Cheering notes

floral memories brighten a gloomy winter

As I sat here on yet another gray and drippy day in mid-January, grousing futilely and needing a cheering thought, there popped up a memory from my old life in the Midwest (probably prompted by recent reading). There are many things in the Midwest that I miss, and one of them is the deciduous forest with its many kinds of flowers in the understory; there are well over a dozen species. It’s a spectacular show in early spring (when my grad students and I did research on seven of them), and other species come along later on.

Many of these early species take advantage of the open canopy that lets in plenty of light before the trees leaf out. The light is used to make carbohydrates for energy (needed for growth and seed development) and a bit of warmth facilitates the activity of insect pollinators. Even the species that don’t flower until later in the season can build up stores of energy to be used at their proper time. I think that the availability of light is probably one of several factors contributing to the floral diversity in the deciduous forest.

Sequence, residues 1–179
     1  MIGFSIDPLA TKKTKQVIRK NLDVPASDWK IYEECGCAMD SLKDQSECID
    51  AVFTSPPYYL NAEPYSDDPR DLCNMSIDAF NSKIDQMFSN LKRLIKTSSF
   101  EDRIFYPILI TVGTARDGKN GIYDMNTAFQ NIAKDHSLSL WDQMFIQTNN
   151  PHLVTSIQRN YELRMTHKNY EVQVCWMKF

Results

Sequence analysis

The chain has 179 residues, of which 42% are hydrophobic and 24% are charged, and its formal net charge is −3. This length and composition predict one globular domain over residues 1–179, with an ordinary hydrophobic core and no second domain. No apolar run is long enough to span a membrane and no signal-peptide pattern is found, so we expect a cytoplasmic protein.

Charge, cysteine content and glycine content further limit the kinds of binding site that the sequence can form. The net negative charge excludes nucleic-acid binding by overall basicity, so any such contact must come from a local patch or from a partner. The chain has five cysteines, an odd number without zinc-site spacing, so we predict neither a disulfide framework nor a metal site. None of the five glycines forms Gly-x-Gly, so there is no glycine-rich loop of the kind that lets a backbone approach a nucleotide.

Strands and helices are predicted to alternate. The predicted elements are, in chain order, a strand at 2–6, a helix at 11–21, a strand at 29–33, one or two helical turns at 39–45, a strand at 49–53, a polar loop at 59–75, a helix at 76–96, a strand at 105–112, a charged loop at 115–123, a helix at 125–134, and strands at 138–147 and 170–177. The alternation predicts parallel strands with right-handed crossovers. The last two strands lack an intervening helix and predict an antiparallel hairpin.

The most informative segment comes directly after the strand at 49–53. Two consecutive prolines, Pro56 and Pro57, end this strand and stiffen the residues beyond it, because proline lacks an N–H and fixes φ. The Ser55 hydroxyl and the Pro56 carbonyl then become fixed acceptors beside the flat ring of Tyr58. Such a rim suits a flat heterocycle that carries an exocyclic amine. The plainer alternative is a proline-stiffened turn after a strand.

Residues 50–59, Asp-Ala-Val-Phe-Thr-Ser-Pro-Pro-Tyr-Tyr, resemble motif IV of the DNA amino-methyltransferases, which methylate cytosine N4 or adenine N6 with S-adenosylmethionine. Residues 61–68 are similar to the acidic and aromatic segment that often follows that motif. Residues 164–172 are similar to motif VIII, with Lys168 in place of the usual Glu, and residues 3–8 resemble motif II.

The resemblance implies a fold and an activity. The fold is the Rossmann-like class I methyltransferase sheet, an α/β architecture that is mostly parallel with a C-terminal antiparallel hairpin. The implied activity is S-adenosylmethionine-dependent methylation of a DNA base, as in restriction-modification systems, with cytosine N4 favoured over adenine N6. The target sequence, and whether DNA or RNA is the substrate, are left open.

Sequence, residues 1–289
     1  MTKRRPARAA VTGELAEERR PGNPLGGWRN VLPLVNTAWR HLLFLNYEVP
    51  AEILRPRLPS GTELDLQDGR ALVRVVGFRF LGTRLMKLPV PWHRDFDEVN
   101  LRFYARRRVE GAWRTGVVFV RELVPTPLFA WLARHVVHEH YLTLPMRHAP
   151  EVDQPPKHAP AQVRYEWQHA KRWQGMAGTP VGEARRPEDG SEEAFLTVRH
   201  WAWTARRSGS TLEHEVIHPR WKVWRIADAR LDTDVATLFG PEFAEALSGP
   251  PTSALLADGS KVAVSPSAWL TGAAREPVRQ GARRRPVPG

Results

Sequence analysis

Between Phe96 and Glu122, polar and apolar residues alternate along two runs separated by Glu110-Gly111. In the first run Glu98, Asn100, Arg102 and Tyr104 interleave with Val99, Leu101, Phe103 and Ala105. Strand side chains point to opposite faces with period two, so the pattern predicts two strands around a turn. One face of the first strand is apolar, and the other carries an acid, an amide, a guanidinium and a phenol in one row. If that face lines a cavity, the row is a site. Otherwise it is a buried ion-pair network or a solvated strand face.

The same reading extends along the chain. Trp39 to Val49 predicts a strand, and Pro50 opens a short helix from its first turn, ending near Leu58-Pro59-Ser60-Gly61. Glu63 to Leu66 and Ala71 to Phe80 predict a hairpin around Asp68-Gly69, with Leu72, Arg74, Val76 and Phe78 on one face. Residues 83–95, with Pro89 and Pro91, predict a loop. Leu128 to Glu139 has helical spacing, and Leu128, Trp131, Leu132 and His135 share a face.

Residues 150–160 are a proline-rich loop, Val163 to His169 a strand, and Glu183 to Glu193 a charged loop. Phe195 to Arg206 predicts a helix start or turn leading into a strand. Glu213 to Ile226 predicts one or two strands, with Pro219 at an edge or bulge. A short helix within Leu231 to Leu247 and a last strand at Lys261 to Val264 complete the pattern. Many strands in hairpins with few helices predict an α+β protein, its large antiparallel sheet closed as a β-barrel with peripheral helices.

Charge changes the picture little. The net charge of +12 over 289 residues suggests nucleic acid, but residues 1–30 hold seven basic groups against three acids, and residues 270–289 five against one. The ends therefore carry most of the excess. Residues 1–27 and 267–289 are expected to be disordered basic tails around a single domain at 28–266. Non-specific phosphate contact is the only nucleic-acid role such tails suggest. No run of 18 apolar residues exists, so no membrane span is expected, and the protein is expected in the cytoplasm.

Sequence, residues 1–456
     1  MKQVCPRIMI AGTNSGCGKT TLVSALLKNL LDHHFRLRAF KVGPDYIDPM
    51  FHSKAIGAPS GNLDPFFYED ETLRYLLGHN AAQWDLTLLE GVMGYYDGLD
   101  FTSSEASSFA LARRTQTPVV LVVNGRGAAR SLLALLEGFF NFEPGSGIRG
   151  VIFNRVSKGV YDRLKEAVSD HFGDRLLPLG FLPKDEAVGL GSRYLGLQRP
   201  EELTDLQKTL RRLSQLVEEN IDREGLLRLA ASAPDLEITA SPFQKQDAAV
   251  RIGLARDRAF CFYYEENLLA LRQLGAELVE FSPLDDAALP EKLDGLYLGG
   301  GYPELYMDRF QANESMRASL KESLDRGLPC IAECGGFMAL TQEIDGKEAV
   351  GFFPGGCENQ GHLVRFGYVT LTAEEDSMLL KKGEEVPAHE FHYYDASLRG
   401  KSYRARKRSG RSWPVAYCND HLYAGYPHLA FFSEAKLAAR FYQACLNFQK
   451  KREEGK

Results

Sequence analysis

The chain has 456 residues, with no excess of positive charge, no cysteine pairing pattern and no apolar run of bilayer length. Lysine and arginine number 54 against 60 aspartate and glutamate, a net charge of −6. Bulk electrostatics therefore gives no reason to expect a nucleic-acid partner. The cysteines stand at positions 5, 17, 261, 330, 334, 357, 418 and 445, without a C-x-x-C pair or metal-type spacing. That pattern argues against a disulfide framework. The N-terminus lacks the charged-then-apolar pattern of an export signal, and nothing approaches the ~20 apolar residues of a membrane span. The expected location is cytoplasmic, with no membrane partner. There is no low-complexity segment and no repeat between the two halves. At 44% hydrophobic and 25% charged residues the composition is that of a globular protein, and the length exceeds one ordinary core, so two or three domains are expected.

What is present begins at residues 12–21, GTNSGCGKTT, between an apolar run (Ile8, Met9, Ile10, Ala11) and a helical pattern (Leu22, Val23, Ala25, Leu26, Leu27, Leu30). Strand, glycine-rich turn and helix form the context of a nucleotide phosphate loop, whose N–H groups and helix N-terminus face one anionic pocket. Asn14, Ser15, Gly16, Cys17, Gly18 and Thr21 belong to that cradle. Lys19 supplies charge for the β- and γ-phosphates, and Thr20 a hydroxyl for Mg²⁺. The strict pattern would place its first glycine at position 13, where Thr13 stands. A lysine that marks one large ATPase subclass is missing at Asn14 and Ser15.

All that made me think about our coastal rainforest, whose floor is mostly shades of green, lovely in its own way but scarcely as showy. Here in the coastal coniferous forest, the understory is always dark; the canopy blocks lots of light all year long. And only a few flowers thrive throughout the forest; several others are happier in somewhat brighter places on the forest edges or in canopy openings, although they are sometimes found scattered within the forest.

Whatever the reasons for the dearth of understory flowers here, I chose to contemplate the flowers that regularly decorate the forest floor. They are little points of delight, good to envision on dark day even though their blooming time is still months away.

Bunchberry flowers. Photo by Bob Armstrong

–bunchberry or dwarf dogwood: very widespread in the forest, the four white bracts around a central cluster of small flowers make a good showing. The flowers release pollen in an unusual way: by a special catapult mechanism that throws the pollen up several centimeters. The flowers open elastically, explosively, and extremely rapidly (in less than a millisecond), flipping the pollen-bearing anthers upwards. Flowers may open spontaneously, tossing pollen up into the breezes, or when triggered by the visit of a large insect such as a bee, tossing pollen onto the insect’s body to be carried to another flower. Later on, the clump of red berries is equally showy. The leaves are typically evergreen, but sometimes turn red.